18 January 2019 | OPINION
Change is a theme that has held sway over British politics for more than two years. Since the morning after the EU referendum, we have all known that change is coming, although even today nobody can say what it will look like. Because none among us can be certain – even those at the highest levels of Government – we have been left to speculate as to what it might all mean.
Proponents of the different models under consideration often like to draw analogies with other countries in different situations. Norway, some say, has made a success of its relationship with the European Union through its membership of EFTA, so why could Britain not do so? Taking a different tack, the former Prime Minister of Australia, Tony Abbott, has pointed out that his country “does $100 billion a year in trade with the EU without a deal”.
Abbott is, of course, referring to trading on WTO terms, which is a model that has proven itself a worthy foundation upon which more comprehensive trade arrangements can be built. While no country relies on it exclusively, many have traded with the EU on these terms for over two decades. Through the implementation of sectoral agreements in specific areas, plus bespoke free trade deals with other nations, Australia has made a great success of its arrangements with the rest of the world– one might refer to this as ‘WTO+’. On the other side of the globe, Norway has cautiously embraced elements of European integration up to a level it was comfortable with, and then drawn a line in the sand.
If there is such a thing as an ‘ideal No Deal’ scenario, it would involve the replication of the FTAs and sectoral agreements that we currently have across the world via the EU, by or shortly after exit day. If – and that is a big ‘if’ – this could be implemented in time, we would then be trading around the world on WTO+ terms, as envisioned by Abbott. Combined with a raft of internal measures to make our own economy more efficient and competitive, this would be the outcome that many voices have advocated for.
Change means going from A to B. It is not the same as starting off at B, or having always been at B. Both the scale and the significance of moving from very tight integration with a major global market to WTO+ terms has so often been underplayed in the Brexit debate. Unlike Australia, which has operated on these terms since 1995, adding and tweaking as it went along, for Britain it will involve a rather more sudden shift. Successive Governments and civil servants in this country have had decades to forget how to manage these important elements of our own affairs, owing to the ever- creeping reach of our EEC/EU membership. While Britain should be in no doubt that the No Deal vision is achievable, we must remain clear-headed about the level of change involved, and we should not assume that the hard-won status quo built up by other countries over time will materialise instantaneously in the UK on day one.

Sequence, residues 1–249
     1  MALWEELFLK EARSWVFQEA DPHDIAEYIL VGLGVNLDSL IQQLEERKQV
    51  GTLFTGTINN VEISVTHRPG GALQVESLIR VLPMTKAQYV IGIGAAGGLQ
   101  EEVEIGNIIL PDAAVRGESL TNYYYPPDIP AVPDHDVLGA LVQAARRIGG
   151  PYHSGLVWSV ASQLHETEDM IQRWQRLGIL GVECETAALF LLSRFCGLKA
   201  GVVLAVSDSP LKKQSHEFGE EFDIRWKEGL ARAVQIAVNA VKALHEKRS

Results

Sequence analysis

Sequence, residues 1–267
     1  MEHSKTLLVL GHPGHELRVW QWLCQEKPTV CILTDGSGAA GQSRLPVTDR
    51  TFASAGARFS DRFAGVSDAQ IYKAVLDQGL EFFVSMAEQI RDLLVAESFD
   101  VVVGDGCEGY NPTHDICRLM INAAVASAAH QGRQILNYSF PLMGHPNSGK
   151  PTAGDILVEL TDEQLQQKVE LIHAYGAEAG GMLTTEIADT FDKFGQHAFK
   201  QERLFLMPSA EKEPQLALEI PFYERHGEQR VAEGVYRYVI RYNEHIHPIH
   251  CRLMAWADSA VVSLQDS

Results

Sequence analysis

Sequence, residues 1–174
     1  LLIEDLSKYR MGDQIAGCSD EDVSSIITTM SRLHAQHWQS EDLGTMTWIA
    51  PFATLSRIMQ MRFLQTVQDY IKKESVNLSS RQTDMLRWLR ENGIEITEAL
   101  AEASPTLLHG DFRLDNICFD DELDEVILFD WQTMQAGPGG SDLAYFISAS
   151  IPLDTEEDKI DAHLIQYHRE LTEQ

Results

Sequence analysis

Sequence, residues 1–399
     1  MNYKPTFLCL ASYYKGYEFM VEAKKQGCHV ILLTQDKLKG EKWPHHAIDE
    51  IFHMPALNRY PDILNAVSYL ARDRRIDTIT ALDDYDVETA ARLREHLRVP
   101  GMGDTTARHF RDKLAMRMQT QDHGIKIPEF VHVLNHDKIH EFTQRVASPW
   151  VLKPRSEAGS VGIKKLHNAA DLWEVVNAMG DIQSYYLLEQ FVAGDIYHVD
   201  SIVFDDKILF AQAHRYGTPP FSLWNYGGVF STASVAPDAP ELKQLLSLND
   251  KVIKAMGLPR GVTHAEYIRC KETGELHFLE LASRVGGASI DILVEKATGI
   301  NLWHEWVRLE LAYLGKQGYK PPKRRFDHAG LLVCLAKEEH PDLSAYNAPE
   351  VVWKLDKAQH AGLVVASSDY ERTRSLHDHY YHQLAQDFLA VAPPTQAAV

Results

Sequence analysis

All this being said, however, whenever we consider the implications of seismic change, it is also important to reflect upon what has not changed. There is nothing quite like this technique for making a seemingly enormous transition appear somewhat less daunting. There is a wider world outthere, beyond Europe’s borders. Britain has many friends and partners around the globe, and this is something that leaving the EU without a deal will notchange. The amount of soft power that Britain wields throughout the world, including through foreign aid – alone, not through the EU – will not change, unless we decide it should. Our membership of the Five Eyes intelligence partnership, permanent seat on the UN Security Council, and significant influence within NATO (especially if the US scales back its own) will not change. Indeed, Forbes rather helpfully reminded us at the end of last year that Britain continues to top its Best Countries for Business list for 2019 – which has not in fact changed from 2018.
It is precisely this light that Britain has cast in the world that some say would throw the change we seek into sharp relief. They bemoan a perceived longing among others to return to the Imperial‘glory days’ of the past, but have not understood that the change we desire is forward-looking, not backward. Nonetheless, perhaps one Alfred, Lord Tennyson – a man who lived in those very times –might remind us of the spirit of change we will require in order to forge this new future together:
Though much is taken, much abides; And though we are not now that strength Which in old days moved earth and heaven, That which we are, we are.
One equal temper of heroic hearts, Made weak by time and fate,
But strong in will
To strive, to seek, to find,
And not to yield.
Patrick Timms is a political journalist. Follow him on Twitter: @Ephelyon